Excerpt from On Writing Well

I can’t thank this book enough for its insights on writing. My excerpts:

  1. “Ultimately the product that any writer has to sell is not the subject being written about, but who he or she is. I often find myself reading with interest about a topic I never thought would interest me—some scientific quest, perhaps. What holds me is the enthusiasm of the writer for his field. How was he drawn into it? What emotional baggage did he bring along? How did it change his life?”

  2. “Nobody becomes Tom Wolfe overnight, not even Tom Wolfe.”

  3. “This is the problem of the writer who sets out deliberately to garnish his prose. You lose whatever it is that makes you unique. The reader will notice if you are putting on airs. Readers want the person who is talking to them to sound genuine. Therefore a fundamental rule is: be yourself. No rule, however, is harder to follow. It requires writers to do two things that by their metabolism are impossible. They must relax, and they must have confidence.”

  4. “Telling a writer to relax is like telling a man to relax while being examined for a hernia, and as for confidence, see how stiffly he sits, glaring at the screen that awaits his words. See how often he gets up to look for something to eat or drink. A writer will do anything to avoid the act of writing. I can testify from my newspaper days that the number of trips to the water cooler per reporter-hour far exceeds the body’s need for fluids.”

  5. “Nevertheless, getting writers to use “I” is seldom easy. They think they must earn the right to reveal their emotions or their thoughts.”

  6. “Sell yourself, and your subject will exert its own appeal. Believe in your own identity and your own opinions. Writing is an act of ego, and you might as well admit it. Use its energy to keep yourself going.”

  7. “You are writing primarily to please yourself, and if you go about it with enjoyment you will also entertain the readers who are worth writing for. If you lose the dullards back in the dust, you don’t want them anyway.”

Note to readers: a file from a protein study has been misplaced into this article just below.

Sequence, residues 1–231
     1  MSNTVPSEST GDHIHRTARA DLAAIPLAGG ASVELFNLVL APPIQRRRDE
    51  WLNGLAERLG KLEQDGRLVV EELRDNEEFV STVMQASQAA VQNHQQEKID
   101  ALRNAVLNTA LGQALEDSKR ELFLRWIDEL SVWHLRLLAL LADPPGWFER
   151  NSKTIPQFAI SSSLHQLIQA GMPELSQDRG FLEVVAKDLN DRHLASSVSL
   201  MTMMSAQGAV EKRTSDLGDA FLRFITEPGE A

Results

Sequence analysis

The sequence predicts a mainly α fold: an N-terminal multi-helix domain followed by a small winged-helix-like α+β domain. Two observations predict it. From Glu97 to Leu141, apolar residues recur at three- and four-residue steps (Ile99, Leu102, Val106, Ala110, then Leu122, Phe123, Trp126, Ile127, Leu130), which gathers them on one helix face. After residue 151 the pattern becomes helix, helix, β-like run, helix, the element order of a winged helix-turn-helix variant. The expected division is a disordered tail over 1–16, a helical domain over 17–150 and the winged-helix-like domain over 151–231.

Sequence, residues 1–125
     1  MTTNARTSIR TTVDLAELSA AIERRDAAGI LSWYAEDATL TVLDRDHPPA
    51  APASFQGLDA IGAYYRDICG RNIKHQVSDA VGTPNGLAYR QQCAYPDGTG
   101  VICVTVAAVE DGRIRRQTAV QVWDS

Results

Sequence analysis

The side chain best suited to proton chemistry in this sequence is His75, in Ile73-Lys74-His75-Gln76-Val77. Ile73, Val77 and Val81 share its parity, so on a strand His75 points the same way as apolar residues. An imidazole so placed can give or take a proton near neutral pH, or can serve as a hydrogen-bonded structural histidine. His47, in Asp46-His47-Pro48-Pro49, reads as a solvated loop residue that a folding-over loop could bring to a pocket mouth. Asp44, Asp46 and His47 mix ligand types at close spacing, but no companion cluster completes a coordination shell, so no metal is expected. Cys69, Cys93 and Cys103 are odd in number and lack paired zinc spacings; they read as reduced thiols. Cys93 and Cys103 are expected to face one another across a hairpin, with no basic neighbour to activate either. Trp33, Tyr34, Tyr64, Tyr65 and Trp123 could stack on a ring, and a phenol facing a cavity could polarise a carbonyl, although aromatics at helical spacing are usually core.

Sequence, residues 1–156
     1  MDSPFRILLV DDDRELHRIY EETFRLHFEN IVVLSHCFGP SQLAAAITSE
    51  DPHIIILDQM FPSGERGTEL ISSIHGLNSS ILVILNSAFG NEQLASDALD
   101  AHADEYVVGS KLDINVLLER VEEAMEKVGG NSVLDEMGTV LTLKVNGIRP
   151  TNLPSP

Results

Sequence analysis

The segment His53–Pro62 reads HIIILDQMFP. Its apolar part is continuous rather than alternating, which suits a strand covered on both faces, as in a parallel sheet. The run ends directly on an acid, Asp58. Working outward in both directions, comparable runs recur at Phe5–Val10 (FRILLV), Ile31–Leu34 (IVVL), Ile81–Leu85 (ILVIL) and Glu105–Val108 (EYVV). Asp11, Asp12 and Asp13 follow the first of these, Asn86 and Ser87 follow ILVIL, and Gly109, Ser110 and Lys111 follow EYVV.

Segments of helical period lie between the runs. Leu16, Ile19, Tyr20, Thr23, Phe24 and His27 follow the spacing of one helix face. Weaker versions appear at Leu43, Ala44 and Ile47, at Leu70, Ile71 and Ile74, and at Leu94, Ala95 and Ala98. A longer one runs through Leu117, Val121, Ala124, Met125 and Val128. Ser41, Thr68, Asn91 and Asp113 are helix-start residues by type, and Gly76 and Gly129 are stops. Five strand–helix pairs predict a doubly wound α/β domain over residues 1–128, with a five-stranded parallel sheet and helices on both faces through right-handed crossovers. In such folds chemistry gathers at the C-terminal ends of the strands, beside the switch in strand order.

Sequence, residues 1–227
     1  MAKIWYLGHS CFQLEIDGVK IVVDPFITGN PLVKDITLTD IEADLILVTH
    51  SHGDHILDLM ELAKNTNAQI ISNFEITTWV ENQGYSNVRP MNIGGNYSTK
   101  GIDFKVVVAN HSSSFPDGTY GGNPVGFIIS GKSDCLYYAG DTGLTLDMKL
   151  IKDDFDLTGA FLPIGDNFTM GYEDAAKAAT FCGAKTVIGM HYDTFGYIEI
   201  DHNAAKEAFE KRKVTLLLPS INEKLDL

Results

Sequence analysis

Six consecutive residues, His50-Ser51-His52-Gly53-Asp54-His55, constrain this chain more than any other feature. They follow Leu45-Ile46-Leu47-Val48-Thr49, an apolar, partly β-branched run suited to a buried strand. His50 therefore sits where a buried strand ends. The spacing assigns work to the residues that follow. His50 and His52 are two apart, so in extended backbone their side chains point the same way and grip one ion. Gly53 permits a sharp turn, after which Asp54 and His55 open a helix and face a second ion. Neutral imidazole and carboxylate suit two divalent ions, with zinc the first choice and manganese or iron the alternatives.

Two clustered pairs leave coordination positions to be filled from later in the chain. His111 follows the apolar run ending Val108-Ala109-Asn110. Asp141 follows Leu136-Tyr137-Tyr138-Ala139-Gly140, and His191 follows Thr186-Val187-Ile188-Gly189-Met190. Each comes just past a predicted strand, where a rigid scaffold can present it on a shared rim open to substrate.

8. “Ask yourself some basic questions before you start: “In what capacity am I going to address the reader?” (Reporter? Provider of information? Average man or woman?) “What pronoun and tense am I going to use?” “What style?” (Impersonal reportorial? Personal but formal? Personal and casual?) “What attitude am I going to take toward the material?” (Involved? Detached? Judgmental? Ironic? Amused?) “How much do I want to cover?” “What one point do I want to make?””

  9. “Enthusiasm is the force that keeps you going and keeps the reader in your grip. When your zest begins to ebb, the reader is the first person to know it. As for what point you want to make, every successful piece of nonfiction should leave the reader with one provocative thought that he or she didn’t have before.”

  10. “Don’t become the prisoner of a preconceived plan. Writing is no respecter of blueprints.”

  11. “Every paragraph should amplify the one that preceded it. Give more thought to adding solid detail and less to entertaining the reader. But take special care with the last sentence of each paragraph—it’s the crucial springboard to the next paragraph.”

  12. “Article that doesn’t stop where it should stop becomes a drag and therefore a failure.”

  13. “The perfect ending should take your readers slightly by surprise and yet seem exactly right.”

  14. “The large point is one of authority. Every little qualifier whittles away some fraction of the reader’s trust. Readers want a writer who believes in himself and in what he is saying. Don’t diminish that belief. Don’t be kind of bold. Be bold.”